SOMETIMES IN MIDDLE AGE, people pick up strange new hobbies — salsa dancing, wine-tasting, or maybe bonsai. My handy wasband has taken it into his head to make rustic garden furnishings from fallen cedar trees he finds in the woods of upstate New York.
First was an arbor inspired by those at Poet’s Walk, a riverside park in Rhinebeck, N.Y., built with the help of our daughter Zoë.
His second project was the beautiful bench, top, of which I am the grateful recipient. He delivered it this weekend and it already looks at home under the cherry tree in my East Hampton backyard.
I asked Jeff how he figured out how to do it [see below for how-to]. He said he found some information online and consulted with our equally handy son, Max, a woodworker. There are no nails or screws involved — it’s all mortise and tenon (pegs and holes). He creates the design as he goes along, based on what the wood suggests. I love the back of my bench, which reminds me of the veins of a leaf.
Cedar mellows beautifully and can be left outdoors in all climates. The wood for this bench came from a building site in Upper Red Hook, N.Y. Jeff noticed some lots that had been partially cleared and were for sale; there were a lot of fallen cedar trees on the property. He tracked down the owner and explained about his new hobby, and asked whether he could remove those trees. She laughed and told him to go right ahead.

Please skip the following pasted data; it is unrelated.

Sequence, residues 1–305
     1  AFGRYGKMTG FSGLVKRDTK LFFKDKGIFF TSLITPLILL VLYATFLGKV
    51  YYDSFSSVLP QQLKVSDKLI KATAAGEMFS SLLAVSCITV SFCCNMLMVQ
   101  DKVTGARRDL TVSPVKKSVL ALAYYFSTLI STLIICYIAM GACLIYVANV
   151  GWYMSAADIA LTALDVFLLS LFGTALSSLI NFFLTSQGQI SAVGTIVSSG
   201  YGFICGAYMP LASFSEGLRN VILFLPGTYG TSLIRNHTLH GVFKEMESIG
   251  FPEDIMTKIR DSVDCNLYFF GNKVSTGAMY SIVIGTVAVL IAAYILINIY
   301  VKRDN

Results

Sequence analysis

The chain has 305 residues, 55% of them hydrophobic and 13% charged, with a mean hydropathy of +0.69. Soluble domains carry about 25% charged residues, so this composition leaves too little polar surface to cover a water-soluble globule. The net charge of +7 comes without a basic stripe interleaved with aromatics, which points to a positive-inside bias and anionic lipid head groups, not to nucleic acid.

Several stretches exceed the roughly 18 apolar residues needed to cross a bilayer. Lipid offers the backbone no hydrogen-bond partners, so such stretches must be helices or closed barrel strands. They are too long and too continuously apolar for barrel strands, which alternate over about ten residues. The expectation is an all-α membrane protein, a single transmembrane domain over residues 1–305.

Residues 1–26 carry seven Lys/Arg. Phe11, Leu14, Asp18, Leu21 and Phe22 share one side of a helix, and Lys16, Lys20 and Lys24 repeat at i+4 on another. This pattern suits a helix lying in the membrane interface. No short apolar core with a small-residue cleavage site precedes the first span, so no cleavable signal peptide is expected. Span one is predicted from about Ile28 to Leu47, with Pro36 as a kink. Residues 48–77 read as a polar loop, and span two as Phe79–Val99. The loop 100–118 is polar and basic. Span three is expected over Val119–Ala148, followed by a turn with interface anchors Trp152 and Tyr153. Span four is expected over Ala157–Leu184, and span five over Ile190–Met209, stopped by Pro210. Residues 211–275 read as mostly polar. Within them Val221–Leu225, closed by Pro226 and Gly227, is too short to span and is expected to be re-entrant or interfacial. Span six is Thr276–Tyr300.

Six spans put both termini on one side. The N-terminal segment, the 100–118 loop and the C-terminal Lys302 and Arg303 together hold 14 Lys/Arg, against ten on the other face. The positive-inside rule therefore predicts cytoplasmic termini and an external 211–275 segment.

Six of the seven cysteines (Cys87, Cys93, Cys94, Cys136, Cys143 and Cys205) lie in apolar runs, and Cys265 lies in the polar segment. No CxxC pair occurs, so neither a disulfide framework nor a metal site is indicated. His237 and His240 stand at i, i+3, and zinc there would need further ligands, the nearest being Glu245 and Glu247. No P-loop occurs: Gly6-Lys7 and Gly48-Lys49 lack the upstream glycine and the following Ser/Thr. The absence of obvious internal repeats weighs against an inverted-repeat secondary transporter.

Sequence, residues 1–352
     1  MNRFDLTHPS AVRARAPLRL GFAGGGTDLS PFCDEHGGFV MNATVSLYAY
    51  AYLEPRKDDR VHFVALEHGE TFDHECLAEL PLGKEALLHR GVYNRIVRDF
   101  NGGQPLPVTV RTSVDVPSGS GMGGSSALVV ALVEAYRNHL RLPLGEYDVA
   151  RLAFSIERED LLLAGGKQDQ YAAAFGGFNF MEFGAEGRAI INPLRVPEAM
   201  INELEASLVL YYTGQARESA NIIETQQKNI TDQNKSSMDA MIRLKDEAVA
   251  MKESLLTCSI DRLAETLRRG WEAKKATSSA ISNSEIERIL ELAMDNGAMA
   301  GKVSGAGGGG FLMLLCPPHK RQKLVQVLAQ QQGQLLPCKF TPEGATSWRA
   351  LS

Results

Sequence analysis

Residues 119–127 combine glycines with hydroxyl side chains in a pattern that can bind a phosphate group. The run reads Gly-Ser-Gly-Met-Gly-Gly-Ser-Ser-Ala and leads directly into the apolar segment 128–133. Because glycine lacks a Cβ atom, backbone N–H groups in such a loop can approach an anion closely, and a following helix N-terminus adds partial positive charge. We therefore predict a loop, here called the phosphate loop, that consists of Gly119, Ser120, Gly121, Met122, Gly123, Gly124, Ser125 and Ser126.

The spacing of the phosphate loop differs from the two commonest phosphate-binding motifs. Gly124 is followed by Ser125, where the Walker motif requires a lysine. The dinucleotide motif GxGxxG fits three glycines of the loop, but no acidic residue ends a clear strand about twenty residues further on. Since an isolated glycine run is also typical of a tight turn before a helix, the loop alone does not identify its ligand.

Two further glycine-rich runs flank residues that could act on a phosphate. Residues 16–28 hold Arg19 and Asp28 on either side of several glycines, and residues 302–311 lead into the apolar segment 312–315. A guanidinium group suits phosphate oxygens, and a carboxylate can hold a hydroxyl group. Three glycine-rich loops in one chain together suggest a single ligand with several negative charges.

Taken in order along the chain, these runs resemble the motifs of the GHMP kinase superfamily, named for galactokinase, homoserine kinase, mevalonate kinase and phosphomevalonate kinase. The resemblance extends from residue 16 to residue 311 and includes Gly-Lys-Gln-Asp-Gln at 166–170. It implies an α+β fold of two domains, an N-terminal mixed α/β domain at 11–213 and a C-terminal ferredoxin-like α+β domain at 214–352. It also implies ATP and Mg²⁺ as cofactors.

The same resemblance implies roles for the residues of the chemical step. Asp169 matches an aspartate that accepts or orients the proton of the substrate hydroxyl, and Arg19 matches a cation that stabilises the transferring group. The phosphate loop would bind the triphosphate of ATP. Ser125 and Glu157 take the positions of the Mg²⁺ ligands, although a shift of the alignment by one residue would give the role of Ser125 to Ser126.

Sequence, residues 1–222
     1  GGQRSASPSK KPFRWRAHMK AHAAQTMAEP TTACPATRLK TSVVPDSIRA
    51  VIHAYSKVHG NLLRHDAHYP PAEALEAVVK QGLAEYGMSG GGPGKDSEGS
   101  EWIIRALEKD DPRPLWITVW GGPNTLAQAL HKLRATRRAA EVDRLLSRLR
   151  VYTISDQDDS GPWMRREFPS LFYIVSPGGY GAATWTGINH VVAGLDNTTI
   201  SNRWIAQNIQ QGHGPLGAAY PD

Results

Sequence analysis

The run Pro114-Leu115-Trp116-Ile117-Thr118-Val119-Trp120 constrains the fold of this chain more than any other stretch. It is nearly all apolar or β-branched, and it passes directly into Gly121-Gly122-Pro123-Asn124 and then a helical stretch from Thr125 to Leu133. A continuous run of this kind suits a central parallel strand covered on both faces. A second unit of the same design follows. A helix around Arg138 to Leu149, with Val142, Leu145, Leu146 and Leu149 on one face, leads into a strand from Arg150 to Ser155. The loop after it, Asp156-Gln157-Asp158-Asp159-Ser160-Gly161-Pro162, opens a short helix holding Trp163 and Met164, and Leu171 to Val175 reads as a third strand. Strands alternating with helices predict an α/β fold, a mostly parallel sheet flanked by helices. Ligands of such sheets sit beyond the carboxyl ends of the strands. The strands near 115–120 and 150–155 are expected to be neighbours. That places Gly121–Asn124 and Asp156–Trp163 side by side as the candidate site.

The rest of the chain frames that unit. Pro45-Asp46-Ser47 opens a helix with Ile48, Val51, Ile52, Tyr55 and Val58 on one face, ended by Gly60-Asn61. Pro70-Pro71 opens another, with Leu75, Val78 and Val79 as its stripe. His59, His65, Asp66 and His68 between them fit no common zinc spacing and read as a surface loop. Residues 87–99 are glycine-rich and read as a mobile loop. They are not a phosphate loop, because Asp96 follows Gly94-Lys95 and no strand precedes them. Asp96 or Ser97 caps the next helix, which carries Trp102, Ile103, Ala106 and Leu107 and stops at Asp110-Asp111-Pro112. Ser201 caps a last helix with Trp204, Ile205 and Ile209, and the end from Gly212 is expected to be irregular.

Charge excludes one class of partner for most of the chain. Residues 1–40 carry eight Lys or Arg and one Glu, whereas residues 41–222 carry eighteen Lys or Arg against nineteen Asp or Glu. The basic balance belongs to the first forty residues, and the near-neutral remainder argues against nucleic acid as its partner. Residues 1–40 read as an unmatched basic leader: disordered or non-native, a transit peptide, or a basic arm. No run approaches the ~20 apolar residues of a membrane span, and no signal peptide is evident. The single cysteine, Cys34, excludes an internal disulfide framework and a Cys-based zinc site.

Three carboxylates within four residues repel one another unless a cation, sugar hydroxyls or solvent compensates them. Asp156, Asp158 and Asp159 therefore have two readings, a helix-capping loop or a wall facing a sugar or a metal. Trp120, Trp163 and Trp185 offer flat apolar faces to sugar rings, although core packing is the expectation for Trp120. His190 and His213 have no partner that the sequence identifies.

HOW TO BUILD A RUSTIC BENCH
For each (male) piece, measure the length of log needed and then add 1-1/2″ to each end. Using a saw, scribe a circle 1-1/2″ from each end, cutting into the log to the depth of the tenon (peg) you are making. With a chisel, carve out the tenon. Then, with a drill, cut a mortise (hole) in the adjoining piece. Fill the hole with glue, then push and hammer the piece with the tenon into the glue-filled joint.
To make the join even more secure, drill a perpendicular hole into the female piece and through the tenon. Then fill the hole with glue and hammer in a dowel.
The decorative pieces on the back and the angled pieces are joined with dowels to the frame.
The seat, which is locust (the farmers up here used locust for fence posts–it’s said to last 150 years without treating) is also joined to the frame with dowels.
The only difficulty is getting a right angle. Cedar logs are rarely straight, so you may have to cheat, correct and re-jigger the frame to allow for the funky dimensions of the logs.